Ironically, the college programs that shut down due to this are getting off easy. The big airline mills are going to invest in these sims, and before they’ve depreciated they won’t be needed anymore.

  2. Kevin Collins Says:

    What if the “unusual situation” involves a failure of the electrical system, remote pilot input reception system (e.g. satellite), or remote pilot flight control actuation system that prevents the airplane from receiving or executing remote piloting inputs?

    I’m sorry, I just don’t buy the argument that human pilots are no longer necessary. I’ve worked in software development for 25 years and have been involved in many projects to make systems more fault tolerant and better at auto-recovery. One can program a system to handle some failure modes but not all, especially when multiple systems fail in parallel or series. If component A relies on component B and A is not working properly, how can one program the system to know whether A, B, or both failed?

    Having a human piloting crew on board makes the overall “system” more fault tolerant, because humans can better adapt to unusual situations than software.

  3. Jeff Says:

    Seems like all I read about is how irrelevant AOPA’s battles have become against any FAA rule change or regulation. Every time I turn around, there is another roadblock imposed that can’t be averted. AOPA still can’t even get the FAA to allow us private pilots to self-certify ourselves for our class 3 medical. I’ve been waiting several years to hear more about this and it has disappeared from anymore discussion. I came into aviation with much enthusiasm and have since found myself more and more pessimistic about the future of GA.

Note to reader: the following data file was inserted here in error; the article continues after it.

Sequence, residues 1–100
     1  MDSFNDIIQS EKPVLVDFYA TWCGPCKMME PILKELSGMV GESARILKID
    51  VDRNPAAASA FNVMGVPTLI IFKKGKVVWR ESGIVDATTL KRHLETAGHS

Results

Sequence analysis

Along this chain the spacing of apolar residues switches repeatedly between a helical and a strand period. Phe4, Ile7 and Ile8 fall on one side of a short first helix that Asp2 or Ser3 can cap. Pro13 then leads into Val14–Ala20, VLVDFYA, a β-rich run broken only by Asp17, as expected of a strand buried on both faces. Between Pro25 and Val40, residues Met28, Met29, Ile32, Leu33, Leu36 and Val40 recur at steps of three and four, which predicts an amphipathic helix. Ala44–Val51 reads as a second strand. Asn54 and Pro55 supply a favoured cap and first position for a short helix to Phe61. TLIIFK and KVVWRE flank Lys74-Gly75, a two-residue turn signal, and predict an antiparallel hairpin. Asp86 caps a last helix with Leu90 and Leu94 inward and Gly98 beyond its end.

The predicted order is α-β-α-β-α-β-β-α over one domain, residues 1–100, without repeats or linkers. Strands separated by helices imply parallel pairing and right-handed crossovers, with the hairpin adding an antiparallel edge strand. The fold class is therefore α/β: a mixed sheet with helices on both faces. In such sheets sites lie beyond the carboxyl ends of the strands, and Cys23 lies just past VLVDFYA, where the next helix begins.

4. John O'Leary Says:

    I have had an ATP since 1986 and I never felt myself qualified to fly an airliner. The ATP was always recognized by the airline industry as a higher form of flying education and most airline applicants would not get hired without it. Once hired, you must go through extensive training (ground school and sims) to take your type rating ride. If you don’t pass you are out. Perhaps the name of the ATP should be changed to Master Commercial Pilot . If you get hired by an airline and, lets say, get typed on the B-737 then you would earn the Airline Transport Pilot License with the 737 type rating. It would look like this, ATP – 737 Series 800.

  5. mani Says:

    I used to enjoy flying and training for fun as well. But I quit this year half way through my commercial ticket because the cost of fun got out of control. So I converted to scuba diving instead. Shame that, but if you cant go up, go down!

  6. Stanton Says:

    Jeff,

    Well said. Frankly, I sometimes wonder if AOPA does anything other than complain.

    The 3rd class medical is a threat to pilot health. That’s right. A threat to health.

    Anytime I want to see a doc, I have to weigh the benefits of a professional opinion vs. the disadvantage of having to report that visit at my next FAA medical, and have the visit recorded, permanently, somewhere in the depths of the FAA. As a result, I wait and see. One of these days, wait and see is going to lead me to miss something that could have been fixed with “a stitch in time.”

    I am perfectly willing to go in for an FAA physical, and undergo tests for physical adequacy needed for piloting at that point in time. What I am NOT willing to do is have some bureaucrat in the FAA (yes, that includes the docs there) overseeing and second-guessing every aspect of my medical care, and recording the results forever.

    Meanwhile, what percentage of GA accidents are caused by physical incapacitation? It’s negligible. Yet the aggregate cost to pilots is staggering, in dollars, time and health risk.

    I don’t think I’m alone in this. And what has AOPA accomplished for private pilots in this area? NOTHING.

  7. Richard Norris Says:

    The requirement for upset training for an ATP is one of the best things the FAA has ever done! As pilots, we should be cheering that the Feds are requiring airline pilots to actually be competent in FLYING airplanes, and not just pushing buttons. There have been three fatal airline accidents because of lack of basic flying skills by airline pilots- Colgan, Air France, and Asiana. As for the price for aspiring airline pilots? They know up front what the deal is and if they don’t like it they need to quit taking those $10k jobs and let the market raise the pay for regional airline pilots, something that should have happened a long time ago. And is not being able to take the ATP for fun a serious concern? Really? This is a rating for people who want to be professionals.